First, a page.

First a word about what grain direction is
Paper fibers are made up of long strands of cellulose, physically entangled with and bonded to each other in the papermaking process. Depending on how the paper was made, the fibers may be more or less generally alined in the same direction—what bookbinders refer to as the grain direction. If the fibers are more parallel to the short edge of the rectangular sheet of paper, one says “grain short.” If they are parallel to the long edge, one says “grain long.”
Traditionally, eastern papers are made by dipping the mould repeatedly into a vat, each time bringing up more pulp, and shaking it forwards and backwards but not so much side-to-side. Here’s a nice video that makes it look easy as pie (it’s not). This will make the fibers line up along each other (in the case of the video, grain short). Western papers are made by shaking the mould forwards, backwards, and side-to-side; for that reason it usually doesn’t have much of a grain direction.
On a side side note—one YouTube video leads to another—here is the traditional way to pulp fiber for papermaking in Europe (a waterwheel or wind turbine raises and lets fall these hammers into tubs of fiber & water).
When machines make the paper, the pulp travels along a massive conveyer belt, forming not sheets but a very long strip of paper that ends up on a roll. The grain direction in this paper is very strongly alined with the edge of the strip, parallel to the direction it travels.
There are ways for machines to better approximate handmade paper, but we’ll skip those for now.
How grain direction affects the behavior of the paper
When paper absorbs water, whether from atmospheric humidity, glue, or a flood, the fibers swell and expand. The metaphor is a bit of a stretch but you could consider a piece of paper with strong grain direction sort of like a sushi mat. In the way that the mat easily rolls up in one direction and not in the other, so strongly-grained paper will expand and curl parallel to the grain more than perpendicularly. You can prove it to yourself by taking a sheet of paper, measuring in both directions, getting it completely wet, and measuring again after a few minutes. (And actually, in situations when it matters, like lining boxes or putting down endsheets, you might try gluing out a scrap of the same size of the same paper and measuring how much it stretches so that you know exactly how much to compensate.)
I suppose I should mention at this point that binder’s board (millboard in the UK) is essentially wicked thick machine-made paper and has the same sort of grain direction and same resultant behavior.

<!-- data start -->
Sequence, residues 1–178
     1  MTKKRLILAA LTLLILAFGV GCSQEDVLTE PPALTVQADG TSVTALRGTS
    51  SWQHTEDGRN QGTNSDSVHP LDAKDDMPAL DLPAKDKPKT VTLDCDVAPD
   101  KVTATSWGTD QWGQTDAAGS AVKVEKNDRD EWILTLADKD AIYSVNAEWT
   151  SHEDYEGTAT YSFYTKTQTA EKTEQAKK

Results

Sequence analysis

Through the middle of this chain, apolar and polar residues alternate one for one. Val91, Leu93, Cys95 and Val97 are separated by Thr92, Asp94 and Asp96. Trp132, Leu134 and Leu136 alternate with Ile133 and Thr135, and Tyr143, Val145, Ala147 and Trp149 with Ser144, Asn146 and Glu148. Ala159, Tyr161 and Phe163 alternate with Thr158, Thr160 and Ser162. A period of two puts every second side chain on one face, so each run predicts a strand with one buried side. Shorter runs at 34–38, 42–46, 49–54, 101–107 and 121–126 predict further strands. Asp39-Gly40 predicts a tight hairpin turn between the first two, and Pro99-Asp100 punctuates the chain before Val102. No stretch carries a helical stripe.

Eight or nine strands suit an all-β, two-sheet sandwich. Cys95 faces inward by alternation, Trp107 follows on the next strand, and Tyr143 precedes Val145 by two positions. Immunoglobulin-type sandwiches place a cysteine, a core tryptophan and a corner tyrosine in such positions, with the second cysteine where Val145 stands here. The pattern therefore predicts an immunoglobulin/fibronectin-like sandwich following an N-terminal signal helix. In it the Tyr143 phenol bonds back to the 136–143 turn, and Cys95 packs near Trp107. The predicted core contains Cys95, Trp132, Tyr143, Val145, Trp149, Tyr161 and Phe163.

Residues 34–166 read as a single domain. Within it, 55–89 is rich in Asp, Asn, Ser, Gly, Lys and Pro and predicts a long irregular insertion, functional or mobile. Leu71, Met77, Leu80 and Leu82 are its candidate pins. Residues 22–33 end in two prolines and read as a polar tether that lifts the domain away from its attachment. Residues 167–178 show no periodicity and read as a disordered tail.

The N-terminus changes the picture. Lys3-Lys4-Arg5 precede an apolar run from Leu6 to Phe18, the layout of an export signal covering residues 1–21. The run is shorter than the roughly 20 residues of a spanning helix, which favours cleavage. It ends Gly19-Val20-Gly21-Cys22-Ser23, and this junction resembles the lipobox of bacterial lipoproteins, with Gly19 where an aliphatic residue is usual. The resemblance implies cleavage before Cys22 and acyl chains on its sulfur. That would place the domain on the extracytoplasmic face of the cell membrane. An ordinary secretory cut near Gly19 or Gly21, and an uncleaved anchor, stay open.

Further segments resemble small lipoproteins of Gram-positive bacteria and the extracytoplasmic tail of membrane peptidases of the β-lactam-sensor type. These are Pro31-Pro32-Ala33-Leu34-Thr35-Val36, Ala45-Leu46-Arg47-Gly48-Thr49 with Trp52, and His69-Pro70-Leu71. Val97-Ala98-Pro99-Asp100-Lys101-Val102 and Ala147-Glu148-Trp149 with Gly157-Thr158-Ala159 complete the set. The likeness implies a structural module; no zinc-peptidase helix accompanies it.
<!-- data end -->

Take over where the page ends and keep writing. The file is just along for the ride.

Why it matters in your book
(1) Paper bends more easily with the grain direction. If the paper is folded and sewn with the grain direction parallel to the spine, it will drape much more easily when the book is open. Why does that matter? Well. It’s easier to read or write in. But when the opening is easy, there will be less stress on the spine, and the book will last longer. Your reader will also be less likely to force the book open farther than it can. Conveniently I only have a photo of a book I’ve made which opens nicely (funny how you forget to document the other ones), but I’ll dig up something to photograph which doesn’t work as well.
N.B. This one does have correct grain direction; the paper is just too stiff to drape at this size. (It’s actually the same paper as in the image above, but the book is a quarter the size.) BUT—something like this may also happen were the grain direction perpendicular to the spine:
(2) If the boards warp, which they might do for a million different reasons we’ll just not touch for now, the book will be much happier if they warp parallel to the spine. Think about a drastic scenario when the boards have curled away from the textblock a great deal: if they curl parallel to the spine, they will probably stay attached to the spine and textblock, at least more so than if they curl perpendicular to the spine. Perpendicular warping would surely cause them to rip away from the spine fabric or leather. Boards protect the book, so once they start becoming detached, not only is it aesthetically a problem but your book is now exposed all sorts of threats.
I’ll leave you with that for now, and add more later about how to determine grain direction in paper and board.